For this, according to my view, is the subjection of Christ; namely, the fulfilling of the Father's will. But as the Son subjects all to the Father, so does the Father to the Son; the One by His Work, the Other by His good pleasure, as we have already said. Thus He who subjects presents to God that which he has subjected, making our condition His own. Of the same kind, it appears to me, is the expression, 'My God, My God, why have You forsaken Me' (Ps 22:1)? It was not He who was forsaken either by the Father, or by His own Godhead, as some have thought, as if His divinity were afraid of the Passion, and therefore His divinity withdrew from Him in His Sufferings (for who compelled Him either to be born on earth at all, or to be lifted up on the Cross?). But as I said, He was in His own Person representing us. For we were the forsaken and despised before, but now by the sufferings of Him who could not suffer, we were taken up and saved. Similarly, He makes His own our folly and our transgressions; and says what follows in the Psalm, for it is evident that Psalm 22 refers to Christ.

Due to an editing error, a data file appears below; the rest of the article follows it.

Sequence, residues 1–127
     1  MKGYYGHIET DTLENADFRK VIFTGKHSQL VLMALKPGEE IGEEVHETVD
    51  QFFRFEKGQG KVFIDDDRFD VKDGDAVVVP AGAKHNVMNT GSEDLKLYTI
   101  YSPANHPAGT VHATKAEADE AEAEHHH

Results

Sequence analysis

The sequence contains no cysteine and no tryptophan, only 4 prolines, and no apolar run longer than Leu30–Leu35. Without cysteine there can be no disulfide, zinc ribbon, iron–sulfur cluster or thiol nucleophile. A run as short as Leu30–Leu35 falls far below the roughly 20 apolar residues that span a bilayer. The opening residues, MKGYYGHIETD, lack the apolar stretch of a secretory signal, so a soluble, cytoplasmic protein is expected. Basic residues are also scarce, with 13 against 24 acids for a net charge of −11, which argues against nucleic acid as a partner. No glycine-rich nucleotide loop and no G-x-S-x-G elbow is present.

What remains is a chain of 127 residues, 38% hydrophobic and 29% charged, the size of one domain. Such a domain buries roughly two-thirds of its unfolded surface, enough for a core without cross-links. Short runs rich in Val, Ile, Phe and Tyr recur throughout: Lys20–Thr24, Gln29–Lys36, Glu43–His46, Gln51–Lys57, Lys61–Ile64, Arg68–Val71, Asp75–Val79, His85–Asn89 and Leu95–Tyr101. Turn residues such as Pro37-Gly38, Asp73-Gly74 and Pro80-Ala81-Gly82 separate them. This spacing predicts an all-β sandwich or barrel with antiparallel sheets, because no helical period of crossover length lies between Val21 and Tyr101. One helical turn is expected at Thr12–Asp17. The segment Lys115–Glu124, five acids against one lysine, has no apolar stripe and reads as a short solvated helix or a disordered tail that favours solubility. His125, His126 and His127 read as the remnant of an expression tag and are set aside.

Gregory Nazianzus, Fourth Theological Oration, 5
 
Prayer
O Christ, in Your own Person You represented us. We were the forsaken and despised, but now by the sufferings of You who could not suffer, we were taken up and saved. You make Your own our folly and our transgressions; that we might be freed from them, foolish and wicked though we are. Amen.
 
For Christian clergy, that they would find joy in proclaiming the fruits of Christ's work to their congregations
 
For Paul Lodholz, that the Lord would give him strength and healing
 
For those whose work is dangerous or challenging, such as police, public safety workers, doctors and nurses, that we would appreciate their sacrifices and they would find true joy in them
Art: Dürer, Albrecht  The Adoration of the Trinity (1515)